Oscar snubs racism

Oscar Snubs: Racism? Nominated Actors 100 Percent White For 2nd Time Since 1998

The list of Oscar snubs every year seems to generate as much attention as the list of nominees, but when the 2015 Oscar nominees were announced Thursday morning, the list of snubs took on an added significance — because in all four acting categories, the Motion Picture Academy snubbed every race and ethnic group on Earth, except for white people.

The 100 percent white list of the 20 actors and actresses nominated in the four acting categories marks the second time since 1998 that not a single nominee has been a person from any non-white ethnic group. The 2011 nominee list also consisted of 20 white actors.

In fact, of the 20 nominees in 2015, only 39-year-and French actress and 2007 Oscar winner Marion Cotillard is not American or British in addition to being white.

In a year when issues of race and civil rights took front and center on the national stage, after race riots following several police killings of unarmed black men — perhaps most prominently in Ferguson, Missouri, which saw two rounds of rioting over the killing of teenager Michael Brown and the non-indictment of the police officer who killed him — the Academy did not see fit to nominate veteran actor David Oyelowo, 38, for his critically acclaimed performance as iconic civil rights leader Martin Luther King in the film Selma.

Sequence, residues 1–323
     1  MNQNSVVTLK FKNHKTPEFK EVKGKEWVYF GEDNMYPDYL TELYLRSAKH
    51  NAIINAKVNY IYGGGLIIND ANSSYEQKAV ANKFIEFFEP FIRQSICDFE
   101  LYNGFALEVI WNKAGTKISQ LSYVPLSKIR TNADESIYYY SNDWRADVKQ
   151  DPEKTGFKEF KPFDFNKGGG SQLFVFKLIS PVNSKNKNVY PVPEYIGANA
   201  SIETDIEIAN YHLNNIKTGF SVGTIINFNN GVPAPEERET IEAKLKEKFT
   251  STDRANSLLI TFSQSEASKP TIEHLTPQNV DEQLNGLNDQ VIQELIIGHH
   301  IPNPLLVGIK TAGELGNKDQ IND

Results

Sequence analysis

In what will likely be taken as an even more bitter pill to swallow for advocates of diversity in Hollywood and civil rights in general, the British-born Oyelowo’s snub by the Oscar nominating selectors was announced on January 15 — the actual birthday of the real Martin Luther King Jr., who would have been 86 years old had he not been cut down by an assassin’s bullet at the height of the civil rights movement in 1968.

In a way, the all-white nominee list is less a surprise than the presence of non-white actors in other years, when a 2013 study by The Los Angeles Times is taken into account. That survey found that the group of eligible Oscar voters — though the Motion Picture Academy does not publicly disclose its membership list — was 93 percent white.

Though Selma was among the seven nominees for Best Picture, it was the only one of the group whose lead actors were not white.

Selma director Ava DuVernay, 42, (pictured above, with Oyelowo) was widely expected to become the first black woman ever to be nominated in the Best Director category, but she, too, made the list of Oscar snubs instead, in favor of a nominee group that included three American white males, a white Norwegian man and a Mexican male, Alejandro G. Iñárritu, director of Birdman.

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